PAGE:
Bunch Sheds Light on Optics Education

Wednesday, May 20, 2020
Robert Bunch

Robert Bunch has grown professionally as the optical engineering field matured as a career field. He developed and taught most of the optics courses within Rose-Hulman’s academic catalog.

Although he’s too humble to admit it, Robert Bunch’s contributions to Rose-Hulman’s physics and optical engineering program can’t be measured by any of the light-based technologies in his laboratories.

After all, he taught the first classes on campus in fiber optics and laser physics, and developed or taught nearly every optical engineering course currently in the program’s course catalog.

He’s taught every applied optics/optical engineering major since the academic area was introduced shortly after Bunch joined the faculty in 1983.

Bunch also helped lead Rose-Hulman’s involvement in a National Science Foundation-sponsored Smart Lighting initiative that introduced important innovations from the laboratory bench to classrooms across the country.

And, he was actively involved in the startup of the Center for Applied Optics Studies, which laid the foundation for the institute’s successful Rose-Hulman Ventures operations. Each program has provided pathways for students to learn valuable work experiences on real-world projects with outside clients. (Bunch is listed on two patents for his project contributions.)

“When I arrived there were no personal computers. I was actually high-tech, using my personal Apple II to write up exams and print those out on a dot-matrix printer to get them mimeographed,” recalls Bunch, ending his 37-year faculty tenure with retirement at the end of the school year. “To an optics person, overhead projectors are actually amazing technology, but this is about all we had in the classrooms, other than chalk. We’ve come a LONG way.”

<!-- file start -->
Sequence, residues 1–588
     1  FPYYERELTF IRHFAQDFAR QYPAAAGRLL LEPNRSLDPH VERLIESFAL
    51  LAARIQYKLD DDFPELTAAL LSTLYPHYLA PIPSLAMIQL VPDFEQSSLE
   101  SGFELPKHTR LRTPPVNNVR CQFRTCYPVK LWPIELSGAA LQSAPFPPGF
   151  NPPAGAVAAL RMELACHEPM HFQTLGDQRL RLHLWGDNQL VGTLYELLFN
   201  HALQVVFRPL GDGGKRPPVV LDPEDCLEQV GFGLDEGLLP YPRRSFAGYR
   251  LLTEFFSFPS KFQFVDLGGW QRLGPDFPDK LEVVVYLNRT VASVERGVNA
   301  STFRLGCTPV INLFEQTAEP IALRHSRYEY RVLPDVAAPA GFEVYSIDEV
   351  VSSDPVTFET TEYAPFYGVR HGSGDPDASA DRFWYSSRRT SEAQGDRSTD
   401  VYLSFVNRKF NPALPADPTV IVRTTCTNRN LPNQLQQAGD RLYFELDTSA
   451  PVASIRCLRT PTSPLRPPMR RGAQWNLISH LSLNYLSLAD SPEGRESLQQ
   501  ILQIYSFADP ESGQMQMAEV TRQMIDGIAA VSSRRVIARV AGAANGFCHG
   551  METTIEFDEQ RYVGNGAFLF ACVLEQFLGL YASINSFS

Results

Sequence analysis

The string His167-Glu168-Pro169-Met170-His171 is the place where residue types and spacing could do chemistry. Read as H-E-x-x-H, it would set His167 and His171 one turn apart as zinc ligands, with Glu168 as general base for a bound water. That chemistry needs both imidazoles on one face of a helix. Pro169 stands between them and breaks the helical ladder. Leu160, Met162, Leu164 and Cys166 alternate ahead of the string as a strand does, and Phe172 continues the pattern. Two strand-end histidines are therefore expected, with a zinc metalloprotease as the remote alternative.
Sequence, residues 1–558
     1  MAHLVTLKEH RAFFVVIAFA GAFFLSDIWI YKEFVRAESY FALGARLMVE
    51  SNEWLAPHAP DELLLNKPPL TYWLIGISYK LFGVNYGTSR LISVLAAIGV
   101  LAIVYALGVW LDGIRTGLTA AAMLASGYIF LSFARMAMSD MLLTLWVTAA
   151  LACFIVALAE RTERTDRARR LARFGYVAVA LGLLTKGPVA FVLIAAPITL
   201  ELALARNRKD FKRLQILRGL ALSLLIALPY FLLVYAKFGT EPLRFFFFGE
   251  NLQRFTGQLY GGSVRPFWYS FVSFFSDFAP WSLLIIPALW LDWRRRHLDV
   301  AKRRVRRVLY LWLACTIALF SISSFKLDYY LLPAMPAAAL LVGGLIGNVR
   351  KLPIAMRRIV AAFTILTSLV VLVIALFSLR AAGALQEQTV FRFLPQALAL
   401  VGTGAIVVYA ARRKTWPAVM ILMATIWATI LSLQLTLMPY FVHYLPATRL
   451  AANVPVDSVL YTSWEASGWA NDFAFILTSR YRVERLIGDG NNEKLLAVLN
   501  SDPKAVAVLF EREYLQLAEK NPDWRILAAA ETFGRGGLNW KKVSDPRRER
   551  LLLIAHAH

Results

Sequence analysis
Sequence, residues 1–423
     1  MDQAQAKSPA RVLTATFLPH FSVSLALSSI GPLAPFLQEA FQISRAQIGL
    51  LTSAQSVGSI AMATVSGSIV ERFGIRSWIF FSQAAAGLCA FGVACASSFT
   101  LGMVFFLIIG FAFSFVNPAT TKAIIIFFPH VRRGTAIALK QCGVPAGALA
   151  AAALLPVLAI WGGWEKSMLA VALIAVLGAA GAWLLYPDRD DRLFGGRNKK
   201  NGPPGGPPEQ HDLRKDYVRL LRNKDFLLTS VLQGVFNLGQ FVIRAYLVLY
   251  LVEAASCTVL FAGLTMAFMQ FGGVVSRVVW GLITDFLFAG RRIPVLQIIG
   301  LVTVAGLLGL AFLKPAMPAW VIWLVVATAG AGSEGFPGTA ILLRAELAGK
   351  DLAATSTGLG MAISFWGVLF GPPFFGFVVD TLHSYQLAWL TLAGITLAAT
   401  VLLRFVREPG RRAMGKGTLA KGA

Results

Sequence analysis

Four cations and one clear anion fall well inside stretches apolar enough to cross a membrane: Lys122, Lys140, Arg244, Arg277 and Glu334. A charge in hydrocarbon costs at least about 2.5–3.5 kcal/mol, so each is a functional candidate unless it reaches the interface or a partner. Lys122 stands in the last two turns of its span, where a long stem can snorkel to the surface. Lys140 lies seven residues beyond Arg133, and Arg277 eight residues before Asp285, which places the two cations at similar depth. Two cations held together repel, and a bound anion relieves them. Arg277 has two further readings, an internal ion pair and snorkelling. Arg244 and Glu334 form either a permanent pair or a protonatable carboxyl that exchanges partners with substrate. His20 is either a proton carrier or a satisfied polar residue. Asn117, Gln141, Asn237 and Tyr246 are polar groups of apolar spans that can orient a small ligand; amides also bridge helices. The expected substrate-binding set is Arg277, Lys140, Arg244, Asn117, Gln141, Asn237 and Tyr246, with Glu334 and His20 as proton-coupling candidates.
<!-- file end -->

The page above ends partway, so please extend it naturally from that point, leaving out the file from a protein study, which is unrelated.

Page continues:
And, Bunch has evolved as well. His favorite class, covering photonic devices and systems, still bridges the gap between physical theory and practical applications in engineering.

“It began under the name ‘optical instrumentation’ during the 1980s and was designed to answer the questions for students about specifications that must be met by instruments and how they are determined,” he recalls. “When we moved to offer the optical engineering degree, the course was renamed ‘optical systems’ to introduce students early in their education about a systems approach to understanding optical systems. The focus was still on how these devices are incorporated into the design of systems and instruments. Then, about eight years ago, the course became more focused on specific systems of photonic devices and to use a more modern terminology from the industry for this area.”

Bunch has supplemented his classroom teaching with a variety of industry experiences and a broad research background. He has assisted in the development of optics-based products, optical instrument design, and fiber optic components, systems, and sensors. His expertise also covers light scattering and solid-state physics. One of his recent research opportunities with students investigated the optical properties of LEDs for lighting applications. Those efforts helped him earn the Board of Trustees’ Outstanding Scholar award in 2000.

“Getting to know and work with talented students and to watch them become successful professionals should be the satisfaction of all educators,” he says. “My early department faculty mentors were Bill Meeks and Paul Mason. They showed a young colleague what teaching was all about. Learning from them and working with them was special. Hopefully, I have passed along those lessons onto others as well.”

Bunch estimates that he has mentored 30 completed master’s thesis projects, with his final graduate-level student graduating this year.

“Rose-Hulman gave me the freedom to pursue ideas about better teaching, to work with talented students on industry projects, and develop new educational programs. I never felt like I had a boss telling me what to do,” he adds. “(former Rose-Hulman president Sam Hulbert’s mantra was ‘the only reason that Rose-Hulman exists is for our students.’ I fully bought into this philosophy. I hope that remains a guide in everything we do as an institution.”

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